Background: Antiretroviral treatments decrease HIV mother-to-child transmission through pre/post exposure prophylaxis and reduction of maternal viral load. We modeled in-utero and intra-partum HIV transmissions to investigate the preventive role of various antiretroviral treatments interventions.
Methods: We analysed data from 3,759 women-infant pairs enrolled in 3 randomized clinical trials evaluating (1) zidovudine monotherapy, (2) zidovudine plus perinatal single-dose nevirapine or (3) zidovudine plus lopinavir/ritonavir for the prevention of mother-to-child transmission of HIV in Thailand. All infants were formula-fed. Non-linear mixed effect modeling was used to express the viral load evolution under antiretroviral treatments and the probability of transmission.
Results: Median viral load was 4 log10 copies/mL (Interquartile range: 3.36-4.56) before antiretroviral treatments initiation. An Emax model described the viral load time-course during pregnancy. Half of the maximum effect of zidovudine (28% decrease) and lopinavir/ritonavir (72% decrease) were achieved after 98 and 12 days, respectively. Adjusted on viral load at baseline (Odds ratio = 1.50 [95% confidence interval: 1.34, 1.68] per log10 copies/mL increment), antiretroviral treatments duration (OR = 0.80 [0.75, 0.84] per week increment) but not the nature of antiretroviral treatments were associated with in-utero transmission. Adjusted on gestational age at delivery (<37 weeks, OR = 2.37 [1.37, 4.10]), baseline CD4 (Odds ratio = 0.79 [0.72, 0.88] per 100 cells/mm3 increment) and predicted viral load at delivery (OR = 1.47 [1.25, 1.64] per log10 copies/mL increment), single-dose nevirapine considerably reduced intra-partum transmission (OR = 0.32 [0.2, 0.51]).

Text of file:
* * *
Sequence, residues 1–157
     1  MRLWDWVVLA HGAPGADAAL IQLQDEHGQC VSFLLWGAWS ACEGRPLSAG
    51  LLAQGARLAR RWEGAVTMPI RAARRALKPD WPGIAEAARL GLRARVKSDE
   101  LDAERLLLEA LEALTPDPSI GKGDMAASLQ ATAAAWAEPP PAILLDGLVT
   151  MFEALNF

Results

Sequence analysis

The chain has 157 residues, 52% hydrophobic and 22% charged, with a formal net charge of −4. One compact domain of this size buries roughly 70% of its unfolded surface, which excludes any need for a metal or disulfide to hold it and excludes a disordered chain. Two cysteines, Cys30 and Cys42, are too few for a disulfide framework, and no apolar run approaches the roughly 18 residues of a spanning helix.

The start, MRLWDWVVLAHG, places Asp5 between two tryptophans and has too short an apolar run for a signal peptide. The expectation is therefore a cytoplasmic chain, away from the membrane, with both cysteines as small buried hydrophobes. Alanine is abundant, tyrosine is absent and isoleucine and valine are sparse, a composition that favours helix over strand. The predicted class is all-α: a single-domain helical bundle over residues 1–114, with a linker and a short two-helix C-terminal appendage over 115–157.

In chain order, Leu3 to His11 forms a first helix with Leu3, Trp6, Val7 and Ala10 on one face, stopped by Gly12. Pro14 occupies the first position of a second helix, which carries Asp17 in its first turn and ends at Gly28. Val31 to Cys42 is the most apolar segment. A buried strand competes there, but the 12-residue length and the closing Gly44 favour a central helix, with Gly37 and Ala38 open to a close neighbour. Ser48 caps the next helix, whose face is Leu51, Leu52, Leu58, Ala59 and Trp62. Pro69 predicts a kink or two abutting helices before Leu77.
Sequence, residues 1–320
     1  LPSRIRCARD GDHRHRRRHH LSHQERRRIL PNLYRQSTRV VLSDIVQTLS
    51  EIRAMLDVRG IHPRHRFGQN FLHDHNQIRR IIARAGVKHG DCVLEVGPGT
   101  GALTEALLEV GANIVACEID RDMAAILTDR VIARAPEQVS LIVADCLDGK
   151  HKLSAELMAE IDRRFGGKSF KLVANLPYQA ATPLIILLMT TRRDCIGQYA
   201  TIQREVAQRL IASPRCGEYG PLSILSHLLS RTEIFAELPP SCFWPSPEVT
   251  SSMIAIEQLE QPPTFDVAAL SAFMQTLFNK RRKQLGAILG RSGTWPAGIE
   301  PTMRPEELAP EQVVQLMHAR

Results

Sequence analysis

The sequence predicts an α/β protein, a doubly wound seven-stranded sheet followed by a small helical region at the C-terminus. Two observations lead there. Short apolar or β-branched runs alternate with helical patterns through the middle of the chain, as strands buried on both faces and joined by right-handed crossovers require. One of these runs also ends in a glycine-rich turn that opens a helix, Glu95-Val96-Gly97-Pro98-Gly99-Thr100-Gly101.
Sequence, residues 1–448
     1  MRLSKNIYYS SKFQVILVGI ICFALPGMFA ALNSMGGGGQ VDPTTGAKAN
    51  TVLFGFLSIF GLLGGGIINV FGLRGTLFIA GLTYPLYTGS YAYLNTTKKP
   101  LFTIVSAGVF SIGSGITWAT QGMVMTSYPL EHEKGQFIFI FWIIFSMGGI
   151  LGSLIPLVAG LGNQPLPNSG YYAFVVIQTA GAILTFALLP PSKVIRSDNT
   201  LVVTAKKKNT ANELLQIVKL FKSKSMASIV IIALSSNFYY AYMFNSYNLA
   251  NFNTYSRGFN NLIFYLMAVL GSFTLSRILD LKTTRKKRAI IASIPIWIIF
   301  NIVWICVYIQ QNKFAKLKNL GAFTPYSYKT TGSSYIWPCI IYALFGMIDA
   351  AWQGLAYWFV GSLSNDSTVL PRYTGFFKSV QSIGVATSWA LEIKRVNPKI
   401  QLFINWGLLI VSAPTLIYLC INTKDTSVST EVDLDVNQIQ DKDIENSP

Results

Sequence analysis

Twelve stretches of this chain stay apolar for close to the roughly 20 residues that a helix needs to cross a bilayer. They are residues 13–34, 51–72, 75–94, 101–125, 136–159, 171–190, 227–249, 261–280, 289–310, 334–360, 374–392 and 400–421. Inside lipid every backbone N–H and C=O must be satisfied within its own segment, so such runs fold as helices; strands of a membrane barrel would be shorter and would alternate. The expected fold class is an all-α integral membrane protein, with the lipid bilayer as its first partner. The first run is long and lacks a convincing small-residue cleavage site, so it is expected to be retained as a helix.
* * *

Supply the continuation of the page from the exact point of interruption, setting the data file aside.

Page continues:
Conclusion: These models determined the respective contributions of various antiretroviral strategies on prevention of mother-to-child transmission. This can help predict the efficacy of new antiretroviral treatments and/or prevention of mother-to-child transmission strategies particularly for women with no or late antenatal care who are at high risk of transmitting HIV to their offspring.